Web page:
You remember those “whiteboard animation” videos, in which a hand super-quickly drew a sketch, words get laid down, while there’s a voiceover? They were the ‘hot new thing’ circa 2014, and generally now go by the name of “explainer videos”.
Production of them is now a Cloud or tightly Cloud-locked subscription thing, and there appears to be no desktop-only software worth having for making them quickly and easily. The leading $40+ a month names are Sparkol VideoScribe Pro and Easy Sketch Pro, among others. There’s obviously a lot of money in such services, and the Web is very intensively astro-turfed with page after page of spam and misleading marketing on such things. It’s almost impossible to find reliable information. Anyway, they exist, and the market leader VideoScribe has impressive capabilities, yet is fairly simple to use.
Their lustre has faded, as a media form. ‘Explainer videos’ were very hot in 2015-16 as we came out of the Great Recession, but they became over-used for mundane purposes — often purchased off the shelf for $20 from quickie providers in the back-streets of India, via Fivver. Such indifferent use has turned them into the humdrum Powerpoint slides of 2020. Meaning a superficially fancy presentation of fuzzy or half-baked ideas, done in a manner that’s then difficult to question or challenge. Thus making the format one that people now wince at, when they see it hove into view in a business meeting, teachers’ meeting or in a marketing context.
But that doesn’t have to be the case, and with a good story to tell and some creative flair they still have a place in education, especially for children and in lower-level work training. That set me wondering about how one would get a Poser line-art render to animate as if it was being drawn line-by-line by a human hand. Being able to output such a thing might be an attractive feature for Poser 12.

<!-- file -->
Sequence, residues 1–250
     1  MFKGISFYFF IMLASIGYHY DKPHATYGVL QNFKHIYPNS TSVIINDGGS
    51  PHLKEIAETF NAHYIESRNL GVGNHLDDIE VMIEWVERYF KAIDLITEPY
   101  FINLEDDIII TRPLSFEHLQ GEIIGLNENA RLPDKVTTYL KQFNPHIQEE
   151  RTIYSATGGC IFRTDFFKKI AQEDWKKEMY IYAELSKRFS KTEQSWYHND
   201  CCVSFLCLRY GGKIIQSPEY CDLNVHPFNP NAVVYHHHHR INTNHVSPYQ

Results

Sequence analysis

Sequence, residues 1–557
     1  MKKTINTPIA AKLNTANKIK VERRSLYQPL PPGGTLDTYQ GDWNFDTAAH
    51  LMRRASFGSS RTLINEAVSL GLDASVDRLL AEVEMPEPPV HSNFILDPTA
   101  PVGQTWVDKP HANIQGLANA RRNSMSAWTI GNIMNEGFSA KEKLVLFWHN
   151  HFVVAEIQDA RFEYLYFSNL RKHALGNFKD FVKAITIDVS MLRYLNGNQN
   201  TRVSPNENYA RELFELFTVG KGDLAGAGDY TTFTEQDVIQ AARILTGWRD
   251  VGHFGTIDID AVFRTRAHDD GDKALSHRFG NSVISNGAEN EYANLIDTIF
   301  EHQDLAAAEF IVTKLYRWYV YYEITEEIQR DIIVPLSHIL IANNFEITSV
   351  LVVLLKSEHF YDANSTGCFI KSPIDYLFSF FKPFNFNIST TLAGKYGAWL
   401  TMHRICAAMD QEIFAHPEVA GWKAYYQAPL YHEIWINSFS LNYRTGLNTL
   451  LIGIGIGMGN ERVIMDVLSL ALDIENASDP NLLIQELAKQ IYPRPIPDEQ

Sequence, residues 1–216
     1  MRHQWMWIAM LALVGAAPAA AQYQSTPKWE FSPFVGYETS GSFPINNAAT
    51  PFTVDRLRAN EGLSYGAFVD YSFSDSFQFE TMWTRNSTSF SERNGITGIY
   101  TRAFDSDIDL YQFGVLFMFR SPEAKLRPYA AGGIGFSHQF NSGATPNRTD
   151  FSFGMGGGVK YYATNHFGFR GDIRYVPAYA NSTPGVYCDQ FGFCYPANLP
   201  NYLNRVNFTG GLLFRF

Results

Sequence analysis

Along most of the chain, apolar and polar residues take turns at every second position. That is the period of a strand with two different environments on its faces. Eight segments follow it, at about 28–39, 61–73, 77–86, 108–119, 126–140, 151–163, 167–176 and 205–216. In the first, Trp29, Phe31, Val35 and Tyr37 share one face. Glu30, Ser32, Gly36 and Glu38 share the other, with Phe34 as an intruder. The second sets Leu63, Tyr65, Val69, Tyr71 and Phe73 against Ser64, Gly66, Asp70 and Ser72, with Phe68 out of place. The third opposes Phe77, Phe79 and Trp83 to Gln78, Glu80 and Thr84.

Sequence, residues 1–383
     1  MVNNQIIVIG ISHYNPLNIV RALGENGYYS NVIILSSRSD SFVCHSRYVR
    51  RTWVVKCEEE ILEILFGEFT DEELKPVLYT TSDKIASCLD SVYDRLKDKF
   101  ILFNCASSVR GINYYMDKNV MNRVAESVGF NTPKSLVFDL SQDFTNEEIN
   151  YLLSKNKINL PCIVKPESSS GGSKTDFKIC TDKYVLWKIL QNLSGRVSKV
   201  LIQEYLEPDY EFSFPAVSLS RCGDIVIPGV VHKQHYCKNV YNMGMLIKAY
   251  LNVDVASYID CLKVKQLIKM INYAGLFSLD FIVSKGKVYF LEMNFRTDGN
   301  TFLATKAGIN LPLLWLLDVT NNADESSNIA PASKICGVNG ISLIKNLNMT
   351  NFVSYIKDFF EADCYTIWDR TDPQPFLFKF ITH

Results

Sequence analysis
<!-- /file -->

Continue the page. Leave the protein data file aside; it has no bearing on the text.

As first I wondered if Smith Micro’s MotionArtist could do this sort of “reveal a drawing effect”. Nope, seems not. Reallusion’s Cartoon Animator? Nope. You’d think that such a sales-worthy feature would be a natural one to add, but it’s not.
What about the vector tools? Surely there’s an Inkscape plugin? Nope. Clip Studio? Nope, seems not. Paint.NET? Nope.
Then I thought about Poser’s ability to output a Corel Painter script, for playback in Painter. But my in-depth look at that nearly forgotten Poser feature shows… that it does not actually lay down “strokes and lines”, whatever the end result may appear to be. Like I said above, a lot of this stuff is in the realm of “smoke and mirrors”, in terms of how it’s actually done vs. what it actually looks like.
But could a Python script in Poser go through a figure and selectively turn off the Geometric Edge line, stepping through the body parts according to a set “feet to head” list, and saving to each step to a movie-frame as it went along? That would give a certain effect, but it might look a little weird in terms of not looking “hand drawn” when played back. For instance, the long leg lines would be drawn in “all at once”. One would have to also have the script generate shaped white geometry at certain co-ordinates (placed in front of the leg) to prevent the complete line from being seen all at once. It’s a very complicated possibility, for someone with a few weeks to spare and ninja Python coding skillz, but it doesn’t seem likely to happen.